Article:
We flee back outside to the open deck, find ourselves a bench where the sun hits our cheeks. Cormorants fly low over the water in the heavy cormorant way (they could be staring down at cell phones), but above them the gulls and terns seem happier. The familiar welcoming arm of Orient Point is coming into sight, and I ready my binoculars, since on other crossings, if the mist isn’t bad, I’ve been able to spot my father waiting for us in the parking lot by his vintage Beetle.

Celeste, eyes closed, head leaned back soaking up the sun, lifts a lazy arm in the general direction of Europe.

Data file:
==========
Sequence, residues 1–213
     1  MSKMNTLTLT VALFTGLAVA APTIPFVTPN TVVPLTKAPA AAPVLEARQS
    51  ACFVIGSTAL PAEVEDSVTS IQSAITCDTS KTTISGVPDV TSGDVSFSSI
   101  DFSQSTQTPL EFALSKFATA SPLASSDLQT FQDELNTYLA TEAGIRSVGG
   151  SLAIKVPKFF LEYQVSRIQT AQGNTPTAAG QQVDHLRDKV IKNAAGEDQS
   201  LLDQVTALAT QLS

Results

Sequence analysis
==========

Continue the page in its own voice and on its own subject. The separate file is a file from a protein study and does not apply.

“Someday we should do it for real.”

“Do what?”

“Cross the ocean on a ship.”

I make a checking-off motion in the air, adding it to our bucket list. Hot air balloon ride. Safari in Africa. Cross the Atlantic on a ship.

“For sure we will.”

I’ve gotten up, stretched, moved to the starboard side to see better, when I realize we’re not alone out there after all. A girl of about fourteen is making long elliptical circuits around the deck with a book held outstretched before her at eye level, reading as she walks. I can’t see the book title, but something in her posture, her intentness, the way she manages to walk and read at the same time (and chew gum, too) gives me the impression she has found it on her own–that it isn’t homework, something assigned, but a book she reads because it’s delightful and important to read, even more important and precious than the soft April sunlight through which she moves.